Propnex reminds agents of social responsibility in marketing after agents’ cultural appropriation misstep

A couple of PropNex Realty property agents, who go by the brand name "Jasen and Shiqi", have copped flak for a video they made to promote its sale of five-room unit at Jalan Bukit Merah. The video seen by Marketing featured two property agents dressed in traditional Indian attire, where they then proceeded to execute dance moves which seemingly mimics the moves of a traditional Indian dance. This was done to a Chinese song playing in the background. 

Although Jasen and Shiqi have since taken the video down, the video garnered a slew of negative comments from netizens, with one saying the video is "wrong on so many levels", and another speculating that the duo did not think through before uploading the video. "Tamil isn't just some gibberish language used to make a rubbish YouTube video," the netizen said. Meanwhile on their Facebook account, netizens also commented that the video was a "cultural appropriation". "Stop resorting to such lame tactics to promote the units. There are many other 'creative' ways to do this," the netizen added. A quick check by Marketing showed that the reposted video has since been privatised.  

In a statement to Marketing, a spokesperson from PropNex Realty said the company has a set of social media policies for all its salespersons to conform to and has reminded its agents to use social media in a responsible manner. The spokesperson added that PropNex continuously reminds all its salespersons to be sensitive in their creative marketing, specially to avoid ethnic, racial and religious remarks or political opinions.

Upon reaching out to the duo, Jasen and Shiqi apologised to those who were offended and said there was no intention to mock, offend or disrespect any races or cultural minority. "We sincerely apologise for sparking the unpleasant online sentiments." They added that the reason they tried to speak in a different language was to appeal to the non-Chinese races. The two further elaborated that the HBD flat they were marketing has a racial quota and Chinese consumers are not eligible to purchase it. "We apologise that we have not considered thoroughly on the topic of cultural appropriation and it is indeed insensitive of us to allow such an inappropriate event to happen."

The duo also said the marketing plan was only set in motion after gaining the owner's approval and consent. "We have put in a considerable amount of time to search for costumes, come up with a small dance routine to our best capabilities, and practiced the Tamil and Malay phrases repeatedly to make sure we don't mispronounce it," they said, adding that the Tamil and Malay phrases in the video were taken from google translate, and they also had help from the owner to help improve their pronunciations.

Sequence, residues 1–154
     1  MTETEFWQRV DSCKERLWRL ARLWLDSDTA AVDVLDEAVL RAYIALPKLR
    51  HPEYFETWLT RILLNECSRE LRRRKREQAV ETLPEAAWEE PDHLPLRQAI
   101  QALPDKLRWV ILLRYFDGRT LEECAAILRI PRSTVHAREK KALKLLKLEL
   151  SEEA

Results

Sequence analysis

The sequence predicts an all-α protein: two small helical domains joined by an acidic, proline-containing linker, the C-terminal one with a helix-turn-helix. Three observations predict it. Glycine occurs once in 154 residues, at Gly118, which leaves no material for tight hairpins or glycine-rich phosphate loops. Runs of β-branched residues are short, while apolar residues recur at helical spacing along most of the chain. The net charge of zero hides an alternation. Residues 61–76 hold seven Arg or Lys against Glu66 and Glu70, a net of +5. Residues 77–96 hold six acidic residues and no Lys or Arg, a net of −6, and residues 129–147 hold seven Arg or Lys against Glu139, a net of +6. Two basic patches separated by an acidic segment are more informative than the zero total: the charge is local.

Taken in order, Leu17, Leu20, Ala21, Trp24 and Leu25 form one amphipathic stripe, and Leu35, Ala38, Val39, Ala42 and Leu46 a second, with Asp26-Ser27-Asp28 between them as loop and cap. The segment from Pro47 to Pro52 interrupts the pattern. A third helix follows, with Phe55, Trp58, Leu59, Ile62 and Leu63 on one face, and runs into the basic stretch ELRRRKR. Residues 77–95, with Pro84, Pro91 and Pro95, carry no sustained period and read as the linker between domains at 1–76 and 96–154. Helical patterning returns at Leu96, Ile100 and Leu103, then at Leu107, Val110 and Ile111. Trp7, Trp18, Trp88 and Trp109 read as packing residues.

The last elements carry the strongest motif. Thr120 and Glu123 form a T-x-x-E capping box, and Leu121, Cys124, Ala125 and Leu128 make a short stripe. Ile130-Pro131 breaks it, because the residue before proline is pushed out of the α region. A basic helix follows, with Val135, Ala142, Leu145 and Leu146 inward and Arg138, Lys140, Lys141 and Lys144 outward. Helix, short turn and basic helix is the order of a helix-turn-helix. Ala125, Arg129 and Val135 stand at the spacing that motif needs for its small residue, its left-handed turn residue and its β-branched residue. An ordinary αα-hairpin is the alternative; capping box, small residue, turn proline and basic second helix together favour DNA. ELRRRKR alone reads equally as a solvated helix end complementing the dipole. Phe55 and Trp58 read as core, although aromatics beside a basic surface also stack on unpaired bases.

"Our idea was to create a very fun and free ambiance (which is our understanding of the Indian culture) to showcase the integration of races and cultural differences in our HDB estates, and to show that all races can mix and get along within the community."

Jasen and Shiqi said they are in the process of coming up with a more appropriate way of bringing its property tours for their viewers. "We admit that we have done wrong in our approach in this matter and vow to constantly look at things critically and from all possible angles from now on to avoid such events in the future. Do give us some time to correct our mistakes and become a better version of ourselves," they added. Addressing the larger team at PropNex, the duo said: "We hope that our team will not be affected and discouraged by this incident and continue to come up with creative ideas for home tours to market our properties."

Last month, another property ad was put under the spotlight. Construction and development company Low Keng Huat released an ad which showcases its Uptown at Farrer residence. The ad, which was created with the intention of injecting humour and standing out from other property ads, received both praise and criticism. While some netizens were tickled by the ad, industry players pointed out the stereotypical portrayal of gender roles in the video. This came as the ad featured the male actor to be the main narrator and decision-maker, while the female actress did not have much lines. 

Inappropriate racial portrayal has been a prevalent topic in recent years in Singapore. Earlier in July, the National Library Board copped flak for one of its books published in 2018 titled "Who Wins?" by author Wu Xing Hua. This comes after a netizen took to Facebook to voice unhappiness over one of its characters portrayed in the book where a school bully was characterised as a "dark-skinned" individual, with a head of "oily curls". The netizen then said the "the author basically channels the old-school Chinese parent threat" and perpetuates fear of other races.

Separately last year in July, an advertisement by e-payment company E-Pay also got netizens riled up on social media for being insensitive for featuring Mediacorp actor and DJ Dennis Chew impersonating different races - with darkened skin tones. Chew, who is known for cross-dressing and Channel 8 character Auntie Lucy, was seen dressing as a Malay women in a head scarf and an Indian man with darkened skin. He also played the role of a Chinese woman in the same ad.